On a personal note, I was a serious person since childhood, and for good reasons, associated with childhood traumas I experienced. I was witty, but never shared any of my funny thoughts. I remained serious until I was diagnosed with breast cancer myself 29 years ago. I was in my 30s. My friends, including some colleagues, avoided me once they heard of my diagnosis. My husband learned they were very distraught and afraid of upsetting me. He told them that I “needed them. NOW.”
Still the phone didn’t ring, until I sent out adoption notices that I had gotten my breast prosthesis following my mastectomy surgery and had decided to give her a name: “Betty Boob.” Then coworkers and friends called and said, “How are you and Betty doing?” One friend mailed her a gift! It was a ceramic Christmas ornament in the shape of a baby bottle that read: “Betty Boob’s 1st Christmas 1992.”
Our young daughter was the catalyst for my husband and I to find our sense of humor and use it daily. When first diagnosed, she asked me two questions I expected to hear, based on feedback I had gotten from cancer patients I cared for over the decades: “Mommy, are you going to die?” And, “Mommy did you get cancer because you had me?” Then she asked me questions I had no pre-rehearsed answer for: “Will the doctor let you bring your breast home to keep? After all, it isn’t his, it’s yours. You can put it on the mantle in one of daddy’s big pickle jars and when you are sad you can go and look at it.”
When I told my husband, he said he didn’t have a pickle jar big enough to hold my 44DD. Then she asked, “Will the doctor take your right breast and move it to the middle, because if he doesn’t, you will lean to the right when you walk.” I showed her in a catalog what a breast prosthesis looked like and that I would be wearing a mastectomy bra that had pockets in it to hold the prosthesis in place. She responded, “A bra with a pocket! What a clever thing! Whenever you go to the ATM machine to take out money you always worry that someone will steal it from you. So, you can put it in one of those mastectomy pockets, then no one can get to it!”
What she unknowingly did for us, because to her these questions were all serious, was help us to find our sense of humor. And when I needed a second mastectomy two years later, I contacted friends and colleagues and said, “We learned today that Betty Boob will be getting a roommate and we need your help in selecting the best name for her.”18 For the past 29 years, I have found something funny to laugh about related to my cancer every day, and plan to continue this approach to my survivorship care for the rest of my life. My humor and wit are “out there” now, in books, articles, and even in stand-up comic speaking engagements across the country.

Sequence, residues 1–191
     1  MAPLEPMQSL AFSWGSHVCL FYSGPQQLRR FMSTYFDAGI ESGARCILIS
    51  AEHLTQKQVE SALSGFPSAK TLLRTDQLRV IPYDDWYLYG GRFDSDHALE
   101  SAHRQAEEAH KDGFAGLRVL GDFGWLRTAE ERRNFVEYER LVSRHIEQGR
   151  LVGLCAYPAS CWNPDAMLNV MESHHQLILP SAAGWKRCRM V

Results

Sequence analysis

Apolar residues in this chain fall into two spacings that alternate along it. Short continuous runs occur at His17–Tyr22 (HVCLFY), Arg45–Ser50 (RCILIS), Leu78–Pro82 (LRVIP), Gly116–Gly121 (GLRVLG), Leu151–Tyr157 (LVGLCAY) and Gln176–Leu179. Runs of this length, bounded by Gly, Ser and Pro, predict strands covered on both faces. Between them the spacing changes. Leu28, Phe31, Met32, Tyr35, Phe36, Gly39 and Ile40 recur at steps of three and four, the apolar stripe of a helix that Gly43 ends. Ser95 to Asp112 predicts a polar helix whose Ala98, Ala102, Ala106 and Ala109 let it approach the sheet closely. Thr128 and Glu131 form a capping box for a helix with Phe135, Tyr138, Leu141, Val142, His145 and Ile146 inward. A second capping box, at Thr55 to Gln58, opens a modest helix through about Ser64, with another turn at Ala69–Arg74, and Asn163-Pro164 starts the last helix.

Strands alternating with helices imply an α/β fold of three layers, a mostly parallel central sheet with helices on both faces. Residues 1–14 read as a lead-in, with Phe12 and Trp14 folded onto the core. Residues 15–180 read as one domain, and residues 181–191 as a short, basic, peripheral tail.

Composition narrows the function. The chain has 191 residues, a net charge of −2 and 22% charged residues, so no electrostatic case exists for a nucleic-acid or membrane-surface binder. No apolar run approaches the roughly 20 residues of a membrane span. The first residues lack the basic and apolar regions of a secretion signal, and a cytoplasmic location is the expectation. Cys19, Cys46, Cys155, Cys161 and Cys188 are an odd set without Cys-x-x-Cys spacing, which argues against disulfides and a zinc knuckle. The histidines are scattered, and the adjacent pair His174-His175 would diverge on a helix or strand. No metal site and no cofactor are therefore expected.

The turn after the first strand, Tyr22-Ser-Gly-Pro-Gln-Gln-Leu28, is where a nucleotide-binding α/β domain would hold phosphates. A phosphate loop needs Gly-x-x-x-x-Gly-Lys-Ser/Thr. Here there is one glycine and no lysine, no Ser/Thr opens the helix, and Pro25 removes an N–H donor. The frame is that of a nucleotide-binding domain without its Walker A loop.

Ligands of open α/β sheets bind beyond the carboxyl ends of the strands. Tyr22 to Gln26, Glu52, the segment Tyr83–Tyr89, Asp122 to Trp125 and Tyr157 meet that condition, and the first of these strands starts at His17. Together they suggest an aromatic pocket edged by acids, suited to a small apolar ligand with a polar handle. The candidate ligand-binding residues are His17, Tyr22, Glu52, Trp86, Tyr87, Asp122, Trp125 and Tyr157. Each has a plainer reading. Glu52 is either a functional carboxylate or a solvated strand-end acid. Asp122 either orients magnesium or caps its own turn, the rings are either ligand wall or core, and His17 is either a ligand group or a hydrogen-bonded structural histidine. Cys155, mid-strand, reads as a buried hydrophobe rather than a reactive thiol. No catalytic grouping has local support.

When in the clinic or speaking to a patient on the phone, if I can’t get my breast cancer patient, including those with metastatic disease, to laugh, I feel that I have failed her.
1. Joshua AM, Cotroneo A, Clarke S. “Humor and Oncology.” Journal of Clinical Oncology. Vol 23. Issue 3. 2005.
2. Falkenberg. “Development of Laughter and Humour Throughout the Lifespan.” Z Gerontol Geriatrics. 43(1):25-30. Feb 2010.
3. Mileault G. “Laughter Matters.” Science Am Mind. May-June; 28(3):33-37. 2017.
4. Mileault G, Sparrow J, Poutre M, Perdue B, Macke L. “Infant Humor Perception from 3 to 6 Months and Attachment at One Year.” Infant Behavior Development. Dec;35(4):797-802. 2012.
5. Mileault G. “Laughter Matters.” Science Am Mind. May-June;28(3):33-37. 2017.
6. Mayr B. “Interactions Between the Immune System and the Pyche.” Tierarzztl Prax Ausg K Kleintiere. July;26(4):230-235. 1998.
7. Seawood BL. “Humor’s Healing Potential.” Health Prog. April;73(3):66-70. 1992.
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10. Joshua AM, Cotroneo A, Clarke S. “Humor and Oncology.” Journal of Clinical Oncology. Vol 23. Issue 3. 2005.
11. Langley-Evans A, Payne S. “Light-hearted Death Talk in a Palliative Day Care Context.” J Adv Nurs 26:1091,1997-1097.
12. Joshua AM, Cotroneo A, Clarke S. “Humor and Oncology.” Journal of Clinical Oncology. Vol 23. Issue 3. 2005.
13. Chritie W, Moore C. “The Impact of Humor on Patients with Cancer.” Clin J Oncol Nurs. April;9(2):211-218. 2005.
14. Joshua AM, Cotroneo A, Clarke S. “Humor and Oncology.” Journal of Clinical Oncology. Vol 23. Issue 3. 2005.
15. Penson RT, Partridge RA, Rudd P, Seiden MV, Nelson JE, Chabner BA, Lynch Jr TJ. “Laughter: The Best Medicine?” Oncologist. Sept:10(8):651-660. 2005.
16. Buiting HM, de Bree R, Brom L, Mack JW, can den Brekel MWM. “Humour and Laughing in Patients with Prolonged Incurable Cancer: an Ethnographic Study in a Comprehensive Cancer Centre.” Ual Life Res. Sept;29(9):2425-2434. 2020.
17. Zoinierek KBH, DiMatteo MR, Mondala MM, Zhang Z, Martin LR, Messiha AH. “Development and Validation of the Physician-Patient Humor Rating Scale.” J Health Physchol. Nov;14(8):1163-1173. 2009.
18. Shockney L. “Stealing Second Base.” Jones & Bartlett Learning. MA. 2007.